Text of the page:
* Posts by NATTtrash

52 posts • joined 6 Apr 2019


Revealed: Facebook, Google's soft-money 'blackmail' to stall Euro fake news crackdown


Re: The only surprise is...

Although I'm tempted to agree with you on your description of American entrepreneurialism, I'm afraid I also have to remind you that this happens all over the world. Indeed, maybe it's that the US offers easier and more opportunities for this kind of business strategies, but I'm willing to bet a round of beers that it's more a human characteristic than an exclusive American one...

Wine? No, posh noshery in high spirits despite giving away £4,500 bottle of Bordeaux


Re: Wine is wine

Can I have a pack of crisps with that please?

Tesla driver killed after smashing into truck had just enabled Autopilot – US crash watchdog


Re: What's the point?

I've driven a car with that. It was intensely annoying, especially on twisty country lanes...

Hear, hear. Call me old fashioned, but all these "help systems" never seem to work on the roads I (have to) drive on. Maybe it works for lazy, "can't drive properly any way" drivers in countries with long, endless roads without corners, driving along at geriatric speeds (while drinking coffee and checking phone). I know I'm probably the odd one out, but just try to use even cruise control in European traffic. So good luck with all the other intelligent car tech. Maybe it isn't that bad that my S Railcard isn't that far away...

Let's check in with our friends in England and, oh good, bloke fined after hiding face from police mug-recog cam


Re: Is there a law for that?

I agree. BTW, did you spot the other curiosity in the Beebs Click piece?

When they asked members of the public what they thought of the multi million people scanning at a shopping mall:

Black guy: "I think it's an improvement over stop-and-search"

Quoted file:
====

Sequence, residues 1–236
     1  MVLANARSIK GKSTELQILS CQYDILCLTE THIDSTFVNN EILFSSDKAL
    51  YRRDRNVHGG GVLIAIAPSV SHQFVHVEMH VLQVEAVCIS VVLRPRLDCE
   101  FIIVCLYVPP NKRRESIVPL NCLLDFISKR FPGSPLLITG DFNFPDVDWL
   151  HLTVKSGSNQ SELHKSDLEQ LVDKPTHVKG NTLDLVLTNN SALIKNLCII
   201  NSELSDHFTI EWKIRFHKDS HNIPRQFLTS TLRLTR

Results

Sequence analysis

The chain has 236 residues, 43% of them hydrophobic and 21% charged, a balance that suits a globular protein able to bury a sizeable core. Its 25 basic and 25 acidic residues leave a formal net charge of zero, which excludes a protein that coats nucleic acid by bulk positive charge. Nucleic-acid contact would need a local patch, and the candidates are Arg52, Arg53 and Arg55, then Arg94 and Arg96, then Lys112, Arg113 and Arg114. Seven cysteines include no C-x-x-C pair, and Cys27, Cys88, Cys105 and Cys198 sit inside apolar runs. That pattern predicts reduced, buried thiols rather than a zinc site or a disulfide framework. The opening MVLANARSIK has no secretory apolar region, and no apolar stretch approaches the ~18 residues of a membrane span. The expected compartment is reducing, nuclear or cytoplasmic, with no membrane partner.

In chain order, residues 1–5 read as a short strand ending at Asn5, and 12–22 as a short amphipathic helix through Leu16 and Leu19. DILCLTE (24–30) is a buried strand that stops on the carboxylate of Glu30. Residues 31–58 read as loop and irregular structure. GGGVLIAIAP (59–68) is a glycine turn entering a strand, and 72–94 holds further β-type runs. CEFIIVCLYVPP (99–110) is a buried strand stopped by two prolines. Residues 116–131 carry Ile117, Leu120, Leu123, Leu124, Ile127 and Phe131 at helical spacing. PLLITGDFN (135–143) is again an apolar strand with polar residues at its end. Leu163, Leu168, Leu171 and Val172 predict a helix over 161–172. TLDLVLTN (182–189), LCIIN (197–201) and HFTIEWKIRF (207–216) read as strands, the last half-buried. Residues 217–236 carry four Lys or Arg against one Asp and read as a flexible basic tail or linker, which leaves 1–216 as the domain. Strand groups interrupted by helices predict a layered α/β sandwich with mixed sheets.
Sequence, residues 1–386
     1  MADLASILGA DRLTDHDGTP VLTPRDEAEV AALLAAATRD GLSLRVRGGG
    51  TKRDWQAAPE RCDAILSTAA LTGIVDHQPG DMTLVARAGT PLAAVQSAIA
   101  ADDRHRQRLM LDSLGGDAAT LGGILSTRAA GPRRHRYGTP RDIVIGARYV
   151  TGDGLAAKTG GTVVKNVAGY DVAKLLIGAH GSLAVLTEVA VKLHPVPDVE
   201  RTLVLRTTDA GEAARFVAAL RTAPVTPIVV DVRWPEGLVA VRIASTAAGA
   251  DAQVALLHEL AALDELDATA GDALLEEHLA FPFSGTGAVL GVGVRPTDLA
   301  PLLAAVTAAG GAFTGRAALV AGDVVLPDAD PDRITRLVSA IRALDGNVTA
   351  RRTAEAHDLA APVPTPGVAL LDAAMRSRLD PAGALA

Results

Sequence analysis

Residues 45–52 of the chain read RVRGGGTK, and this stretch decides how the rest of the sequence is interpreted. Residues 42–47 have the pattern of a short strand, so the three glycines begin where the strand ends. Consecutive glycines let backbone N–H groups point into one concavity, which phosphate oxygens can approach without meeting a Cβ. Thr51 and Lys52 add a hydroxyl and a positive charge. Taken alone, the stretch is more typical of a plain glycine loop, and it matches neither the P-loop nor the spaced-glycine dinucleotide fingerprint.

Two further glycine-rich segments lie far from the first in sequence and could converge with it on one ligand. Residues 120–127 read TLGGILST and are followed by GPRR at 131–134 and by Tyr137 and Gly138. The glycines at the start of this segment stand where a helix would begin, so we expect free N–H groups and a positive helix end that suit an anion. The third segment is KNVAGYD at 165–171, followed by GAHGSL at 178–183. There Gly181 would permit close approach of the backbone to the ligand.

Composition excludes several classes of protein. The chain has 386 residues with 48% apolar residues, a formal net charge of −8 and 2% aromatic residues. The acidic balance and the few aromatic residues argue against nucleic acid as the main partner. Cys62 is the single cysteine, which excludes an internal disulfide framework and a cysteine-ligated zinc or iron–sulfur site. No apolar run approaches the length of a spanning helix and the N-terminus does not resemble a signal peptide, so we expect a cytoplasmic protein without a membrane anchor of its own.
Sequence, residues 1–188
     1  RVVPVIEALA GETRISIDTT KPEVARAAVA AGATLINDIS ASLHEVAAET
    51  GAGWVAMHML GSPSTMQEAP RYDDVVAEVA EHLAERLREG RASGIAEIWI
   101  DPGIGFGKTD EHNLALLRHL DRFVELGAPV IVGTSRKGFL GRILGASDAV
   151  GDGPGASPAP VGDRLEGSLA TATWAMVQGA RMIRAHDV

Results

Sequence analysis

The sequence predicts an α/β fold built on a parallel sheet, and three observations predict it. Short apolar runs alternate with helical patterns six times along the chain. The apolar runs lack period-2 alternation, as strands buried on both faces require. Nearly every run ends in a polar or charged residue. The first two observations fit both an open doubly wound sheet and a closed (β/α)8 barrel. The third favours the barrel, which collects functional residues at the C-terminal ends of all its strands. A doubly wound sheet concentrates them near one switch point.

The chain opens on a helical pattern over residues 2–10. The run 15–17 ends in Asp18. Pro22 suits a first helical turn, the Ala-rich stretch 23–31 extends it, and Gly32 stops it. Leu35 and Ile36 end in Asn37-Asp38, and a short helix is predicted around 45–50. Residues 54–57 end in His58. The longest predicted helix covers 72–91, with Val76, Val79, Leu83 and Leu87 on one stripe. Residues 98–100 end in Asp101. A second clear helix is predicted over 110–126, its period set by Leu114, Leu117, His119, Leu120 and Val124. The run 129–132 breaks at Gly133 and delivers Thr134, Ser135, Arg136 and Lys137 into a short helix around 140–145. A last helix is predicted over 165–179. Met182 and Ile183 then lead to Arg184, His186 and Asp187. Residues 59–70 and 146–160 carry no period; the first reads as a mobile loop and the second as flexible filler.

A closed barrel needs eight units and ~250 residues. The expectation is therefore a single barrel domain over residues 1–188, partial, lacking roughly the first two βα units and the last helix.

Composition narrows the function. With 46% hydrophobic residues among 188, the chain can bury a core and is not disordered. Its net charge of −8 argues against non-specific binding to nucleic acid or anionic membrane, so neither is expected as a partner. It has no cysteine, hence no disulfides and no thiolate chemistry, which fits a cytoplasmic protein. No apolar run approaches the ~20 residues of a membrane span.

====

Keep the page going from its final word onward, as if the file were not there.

White guy: "I think it's kind of creepy"

Looks like they have different experiences with the plod. Who would have thought?


Re: WTF?

Indeed, very correct. That of course is one of the worrying things. Watching the BBC Click video, it is clear there is a "Play the game according to the rules. Oh, we defined the rules. Don't like our rules? Cover your face? We punish you for not liking our rules" approach. In plain English that translates to "You're just fucking sheep. Deal with it".

Furthermore, people in the Click piece all kind of suggest it's scattered field of different Dbases. Some suggestion points to linking and combining. But you can't tell me that the standard passport scan at the border for example is not included in this...

Thinking about it, maybe I should copyright my face. With all the FR going on, I can retire from the copyright license fees everybody is going to pay me. Don't want to pay? DMCA...

Prez Trump's trade war reshapes electronics supply chains as China production slows


Re: It's the economy stupid

The mind boggles! Things are changing so fast that I can't keep up any more!

So, if I understand correct...

So we borrow money to pay the hardworking midwest farmers hit by retaliatory sanctions...

That means that Trump, the Republican, the capitalist is actually a socialist/ communist? Because I think i can remember some discussions about "let the market sort it out", "state intervention", or even "state sponsoring". Accompanied by pointing fingers that was.

Then again, maybe The Donald™ is just doing this so he eventually can have his big (communist) military parade...

It's 2019 and a WhatsApp call can hack a phone: Zero-day exploit infects mobes with spyware


Re: Theres a big difference here

It was bound to happen, wasn't it? So many (sometimes so non-tech that it hurts) politicians moaning about the fact that (Think of the children!) we really, really needed a "governmental backdoor" or an "encryption with decryption keys supplied to us to safeguard the world".

Well, it has been quiet for a while on that front, and I suppose we now know why...

Actually, that flip phone is not that bad an idea. Sod WhatsApp, encryption and so on. Think about the fact that it will bring back the times that you only had to charge once every month. Will do wonders to the human carbon footprint...

Freaky photo flingers face fat fines for flagrant phallus flashing fun